The ATO has issued Law Companion Ruling LCR 2018/1, which covers the recently enacted measure to impose goods and services tax (GST) on supplies of imported low-value goods (ie goods valued at A$1,000 or less) from 1 July 2018. This measure was introduced to create a more "level playing field" for local retailers. The existing rules about GST on imports valued above $1,000 are unchanged. 

The ruling explains:

  • when a supply of low-value goods is connected with Australia;
  • when a supplier needs to be registered for GST;
  • how to calculate the GST payable on the supply;
  • rules to prevent double taxation of goods;
  • rules to correct errors or deal with changes in the GST treatment of a supply; and
  • how the new measure interacts with other rules under which supplies are connected with Australia.
Note that for ease of reference, the ruling uses the term "Australia" in place of "indirect tax zone" (the equivalent technical term used in the GST legislation).

The ruling explains that the entity that is treated as the supplier will be responsible for GST on the supply of low-value imported goods. This may be the merchant, but it can also be an operator of an electronic distribution platform (EDP) or redeliverer. 

The new measures do not change the requirements for registration. That is, a supplier is required to register if its current or projected annualised GST turnover equals, or exceeds, the GST turnover threshold (generally $75,000). The ATO says that the entity responsible for GST on offshore supplies of low-value goods must count the value of those supplies when determining whether it meets the GST turnover threshold.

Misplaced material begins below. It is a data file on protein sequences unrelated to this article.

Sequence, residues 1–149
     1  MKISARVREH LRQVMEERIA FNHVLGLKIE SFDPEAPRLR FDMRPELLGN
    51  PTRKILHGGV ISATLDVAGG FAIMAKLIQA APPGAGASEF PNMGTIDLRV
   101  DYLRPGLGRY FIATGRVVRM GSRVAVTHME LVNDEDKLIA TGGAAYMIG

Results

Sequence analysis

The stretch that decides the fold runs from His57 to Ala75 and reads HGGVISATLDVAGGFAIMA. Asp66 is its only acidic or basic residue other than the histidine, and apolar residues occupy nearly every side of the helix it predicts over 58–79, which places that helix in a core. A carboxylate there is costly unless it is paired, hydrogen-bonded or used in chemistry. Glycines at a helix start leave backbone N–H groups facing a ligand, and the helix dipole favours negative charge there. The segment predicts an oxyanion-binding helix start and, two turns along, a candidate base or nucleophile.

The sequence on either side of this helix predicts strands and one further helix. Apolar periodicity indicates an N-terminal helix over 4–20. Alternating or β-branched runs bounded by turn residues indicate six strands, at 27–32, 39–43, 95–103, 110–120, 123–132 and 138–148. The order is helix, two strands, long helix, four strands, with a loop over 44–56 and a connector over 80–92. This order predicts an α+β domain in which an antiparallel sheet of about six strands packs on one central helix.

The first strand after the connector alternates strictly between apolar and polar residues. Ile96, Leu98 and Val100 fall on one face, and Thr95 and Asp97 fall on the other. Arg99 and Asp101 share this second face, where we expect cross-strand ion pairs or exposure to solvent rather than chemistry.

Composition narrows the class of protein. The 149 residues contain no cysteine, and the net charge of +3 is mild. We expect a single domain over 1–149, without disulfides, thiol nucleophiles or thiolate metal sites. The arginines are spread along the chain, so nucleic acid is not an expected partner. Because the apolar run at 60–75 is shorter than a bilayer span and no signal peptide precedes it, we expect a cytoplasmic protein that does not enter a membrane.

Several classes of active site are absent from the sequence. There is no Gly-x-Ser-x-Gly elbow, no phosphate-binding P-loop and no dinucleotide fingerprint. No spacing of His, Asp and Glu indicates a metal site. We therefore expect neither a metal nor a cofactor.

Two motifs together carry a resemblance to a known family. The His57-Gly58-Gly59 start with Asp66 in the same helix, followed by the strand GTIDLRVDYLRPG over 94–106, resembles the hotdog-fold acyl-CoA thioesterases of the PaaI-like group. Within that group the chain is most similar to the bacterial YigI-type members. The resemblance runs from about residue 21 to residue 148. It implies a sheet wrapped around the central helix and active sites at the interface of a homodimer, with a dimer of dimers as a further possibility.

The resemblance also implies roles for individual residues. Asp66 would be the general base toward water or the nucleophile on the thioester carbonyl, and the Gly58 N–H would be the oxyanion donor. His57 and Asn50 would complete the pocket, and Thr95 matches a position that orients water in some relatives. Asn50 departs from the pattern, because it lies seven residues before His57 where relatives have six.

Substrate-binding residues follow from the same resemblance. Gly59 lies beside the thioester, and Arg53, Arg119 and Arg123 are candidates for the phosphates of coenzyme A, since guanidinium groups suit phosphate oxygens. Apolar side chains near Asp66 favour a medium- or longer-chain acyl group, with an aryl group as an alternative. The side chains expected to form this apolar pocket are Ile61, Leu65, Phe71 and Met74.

Australian consumer law requirements 

Generally, Australian consumer law requires retailers to provide a price that is inclusive of GST, where GST is applicable. This may be difficult for offshore suppliers – how will they be certain that a supply of goods will be liable for GST?

The ruling offers the possibility of some relief by stating that if it is initially considered less likely that GST will apply to the supply, the supplier can instead display a message that notes the potential for additional taxes to apply. However, when offshore suppliers are aware that they are offering low-value goods for sale into Australia to consumers, the price displayed should be a GST-inclusive price. Indicators that this is the case would include situations where:

  • a website is advertising consumer goods in Australian dollars;
  • a ".com.au" domain name is being used; or
  • location services show the recipient is in Australia.

Supplies incorrectly treated as taxable supplies 

An adjustment event will arise if the supplier (or entity treated as the supplier) discovers that the supply should not have been a taxable supply because of information about either the nature of the goods or the recipient. Where the supplier has already included the GST payable on such a supply in its assessed net amount in a return, the amount will be "excess GST" for GST purposes. The excess GST will only be refundable to the supplier if either:

  • the excess GST has not been passed on to the recipient; or
  • the recipient has been reimbursed.

Where the excess GST was not passed on to the recipient, the supplier can request an amended assessment or claim a refund in a later tax period. Alternatively, where the excess GST was passed on but a reimbursement has subsequently been made to a recipient, the supply ceases to be a taxable supply and the supplier can make a decreasing adjustment.

Source: www.ato.gov.au/law/view/document?docid=COG/LCR20181/NAT/ATO/00001.